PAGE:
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Re: Can my dream come true?
#915892 04/21/03 01:01 PM
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Well said, Ken. Thanks for sharing this perspective!

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Re: Can my dream come true?
#915893 04/21/03 01:51 PM
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Quote
Originally posted by Linda in PA:
Well said, Ken. Thanks for sharing this perspective!
Thanks. At the same time, I wouldn't beat anyone up who still wants to chase the rainbow. It is a gift of living.

I had a friend who was an attorney and at 40 she decided to abandon law to become a professional cellist. She nearly starved too -- with something like 5 students and a handful of performing gigs. Still, eventually, she found a way -- working at musical instrument store, students and some performing.

Still, it was great that she had a law degree and a portfolio to help her adventure.

I once ran a marathon while having pneumonia -- a stupid thing to do - but I tried to be "smart" about it -- and made it.

If you love music -- it is ok to follow your heart -- but also use your mind to make sure you have a way of making a living.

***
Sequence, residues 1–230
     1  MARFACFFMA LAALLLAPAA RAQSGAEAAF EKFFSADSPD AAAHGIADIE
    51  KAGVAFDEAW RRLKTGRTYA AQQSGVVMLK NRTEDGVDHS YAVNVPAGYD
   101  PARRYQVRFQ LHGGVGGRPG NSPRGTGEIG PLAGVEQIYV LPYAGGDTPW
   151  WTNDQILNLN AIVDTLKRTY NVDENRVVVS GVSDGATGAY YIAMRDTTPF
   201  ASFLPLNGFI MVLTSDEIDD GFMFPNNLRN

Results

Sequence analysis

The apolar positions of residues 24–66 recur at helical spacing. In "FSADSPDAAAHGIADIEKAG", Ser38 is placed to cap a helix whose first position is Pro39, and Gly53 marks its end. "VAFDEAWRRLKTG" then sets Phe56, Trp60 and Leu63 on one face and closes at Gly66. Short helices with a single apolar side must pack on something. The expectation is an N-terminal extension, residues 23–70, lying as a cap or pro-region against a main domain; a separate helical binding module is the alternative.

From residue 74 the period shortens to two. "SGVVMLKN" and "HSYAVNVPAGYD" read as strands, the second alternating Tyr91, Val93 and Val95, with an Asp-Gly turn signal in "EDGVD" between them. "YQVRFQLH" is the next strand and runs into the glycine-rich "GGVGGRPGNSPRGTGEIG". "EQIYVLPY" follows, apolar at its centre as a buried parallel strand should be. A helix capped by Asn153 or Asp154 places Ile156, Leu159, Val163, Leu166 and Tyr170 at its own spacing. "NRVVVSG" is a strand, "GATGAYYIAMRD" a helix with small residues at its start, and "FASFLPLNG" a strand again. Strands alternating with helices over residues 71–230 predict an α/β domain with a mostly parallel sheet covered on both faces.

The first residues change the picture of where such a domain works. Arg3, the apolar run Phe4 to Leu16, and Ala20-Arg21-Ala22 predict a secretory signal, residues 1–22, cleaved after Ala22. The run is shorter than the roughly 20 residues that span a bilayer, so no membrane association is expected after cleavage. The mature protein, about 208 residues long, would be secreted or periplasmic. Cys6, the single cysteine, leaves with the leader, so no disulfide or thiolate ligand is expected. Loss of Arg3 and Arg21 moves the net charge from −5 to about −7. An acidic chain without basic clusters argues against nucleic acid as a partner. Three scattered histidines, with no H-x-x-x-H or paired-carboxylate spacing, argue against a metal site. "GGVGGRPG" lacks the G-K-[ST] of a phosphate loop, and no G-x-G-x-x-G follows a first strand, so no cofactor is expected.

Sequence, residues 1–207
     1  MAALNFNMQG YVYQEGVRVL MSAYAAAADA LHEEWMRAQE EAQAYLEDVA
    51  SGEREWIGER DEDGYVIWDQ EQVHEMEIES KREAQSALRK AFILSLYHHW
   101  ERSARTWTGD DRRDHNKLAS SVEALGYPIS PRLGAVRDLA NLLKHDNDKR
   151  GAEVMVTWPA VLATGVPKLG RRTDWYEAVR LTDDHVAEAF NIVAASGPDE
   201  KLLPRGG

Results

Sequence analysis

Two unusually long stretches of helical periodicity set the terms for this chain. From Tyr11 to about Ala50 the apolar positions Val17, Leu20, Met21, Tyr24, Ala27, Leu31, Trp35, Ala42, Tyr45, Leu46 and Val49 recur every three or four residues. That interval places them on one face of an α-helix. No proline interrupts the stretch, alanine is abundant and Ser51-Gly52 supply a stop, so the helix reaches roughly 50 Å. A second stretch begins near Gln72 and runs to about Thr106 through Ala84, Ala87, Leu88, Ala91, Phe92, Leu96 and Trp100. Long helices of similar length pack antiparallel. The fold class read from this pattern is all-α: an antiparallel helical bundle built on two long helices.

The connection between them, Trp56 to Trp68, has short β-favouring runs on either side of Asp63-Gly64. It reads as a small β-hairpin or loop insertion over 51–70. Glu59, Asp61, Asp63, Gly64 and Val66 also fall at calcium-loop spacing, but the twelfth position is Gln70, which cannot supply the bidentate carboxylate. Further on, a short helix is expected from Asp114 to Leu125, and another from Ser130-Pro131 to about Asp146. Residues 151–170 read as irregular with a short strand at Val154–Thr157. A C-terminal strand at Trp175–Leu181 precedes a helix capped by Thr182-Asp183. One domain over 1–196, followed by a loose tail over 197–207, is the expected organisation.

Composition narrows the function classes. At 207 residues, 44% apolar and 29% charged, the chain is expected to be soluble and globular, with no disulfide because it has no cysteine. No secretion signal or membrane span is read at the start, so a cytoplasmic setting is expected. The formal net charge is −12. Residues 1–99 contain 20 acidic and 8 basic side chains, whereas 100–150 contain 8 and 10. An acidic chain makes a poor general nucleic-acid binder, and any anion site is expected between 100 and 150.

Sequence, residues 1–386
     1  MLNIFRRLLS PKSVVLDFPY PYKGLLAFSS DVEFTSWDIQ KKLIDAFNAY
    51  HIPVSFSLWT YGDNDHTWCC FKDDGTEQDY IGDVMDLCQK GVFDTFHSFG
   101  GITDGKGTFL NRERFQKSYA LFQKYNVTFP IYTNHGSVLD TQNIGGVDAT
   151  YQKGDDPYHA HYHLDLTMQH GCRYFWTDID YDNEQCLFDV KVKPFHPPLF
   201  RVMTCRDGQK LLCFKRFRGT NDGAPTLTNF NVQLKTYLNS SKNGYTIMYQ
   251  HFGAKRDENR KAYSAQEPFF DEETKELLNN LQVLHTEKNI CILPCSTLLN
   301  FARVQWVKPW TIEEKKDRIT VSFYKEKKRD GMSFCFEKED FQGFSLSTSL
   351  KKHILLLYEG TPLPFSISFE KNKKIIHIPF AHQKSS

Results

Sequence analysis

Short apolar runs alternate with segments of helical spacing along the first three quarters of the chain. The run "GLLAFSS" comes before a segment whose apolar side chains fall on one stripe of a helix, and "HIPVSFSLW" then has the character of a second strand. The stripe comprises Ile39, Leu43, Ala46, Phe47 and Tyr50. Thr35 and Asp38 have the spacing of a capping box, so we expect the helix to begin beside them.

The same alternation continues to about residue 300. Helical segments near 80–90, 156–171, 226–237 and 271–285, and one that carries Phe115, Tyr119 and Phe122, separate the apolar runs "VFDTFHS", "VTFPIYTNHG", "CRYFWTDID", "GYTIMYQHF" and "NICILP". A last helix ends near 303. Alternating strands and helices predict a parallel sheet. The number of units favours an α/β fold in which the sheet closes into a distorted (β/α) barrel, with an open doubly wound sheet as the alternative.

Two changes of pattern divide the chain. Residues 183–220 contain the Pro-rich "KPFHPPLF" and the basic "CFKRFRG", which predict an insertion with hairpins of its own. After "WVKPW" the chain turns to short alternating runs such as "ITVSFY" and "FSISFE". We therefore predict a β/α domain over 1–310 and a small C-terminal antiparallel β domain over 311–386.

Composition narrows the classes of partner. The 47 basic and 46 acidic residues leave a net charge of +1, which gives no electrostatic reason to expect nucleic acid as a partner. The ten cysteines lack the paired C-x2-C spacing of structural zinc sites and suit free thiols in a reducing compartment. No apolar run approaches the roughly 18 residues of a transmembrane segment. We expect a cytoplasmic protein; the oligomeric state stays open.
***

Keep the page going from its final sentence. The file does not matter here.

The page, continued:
Ken

Re: Can my dream come true?
#915894 04/21/03 02:13 PM
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Comparing college to a Conservatory - the financial issue.

I have heard (and it makes sense) that there is FAR less financial aid available at a Conservatory than for a university education. What kind of endowment do you think they have?

To top it off, Conservatories are much more expensive, for the most part. Plus - you have to go and purchase a practice piano for your apartment, paying for the move. In New York City anyhow. You can't rely on the practice rooms, where (even at Juilliard, I was recently told by a student) the pianos are in terrible shape. Yes, they are Steinways, but so what?

Even at our State University (main campus in our town), I was scandalized to discover that music majors have to pay for their lessons - anything beyond half an hour a week. In fact, I think they even have to pay for that!! Beyond tuition!

And who wants to graduate with a massive debt from a Conservatory, with such an uncertain financial future?

Of course, if your parents are paying...


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Re: Can my dream come true?
#915895 04/21/03 03:17 PM
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Ariel,I believe that most Conservatories and colleges charge for your weekly lesson in addition to your tuition.When I was an undergraduate, I also had to pay for my half-hour lesson in my minor each week.This was'nt too bad financially,since I had a full keyboard scholarship which helped pay smile my tuition.


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Re: Can my dream come true?
#915896 04/21/03 03:37 PM
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I was pretty much in the same boat, so I know from personal experience that it can be done. I am a senior in High school now, but next year I will be going to be a piano performance major at the Hartt school of music. (Part of Hartford U.) It is a difficult road, but it can be done. These are some things I suggest: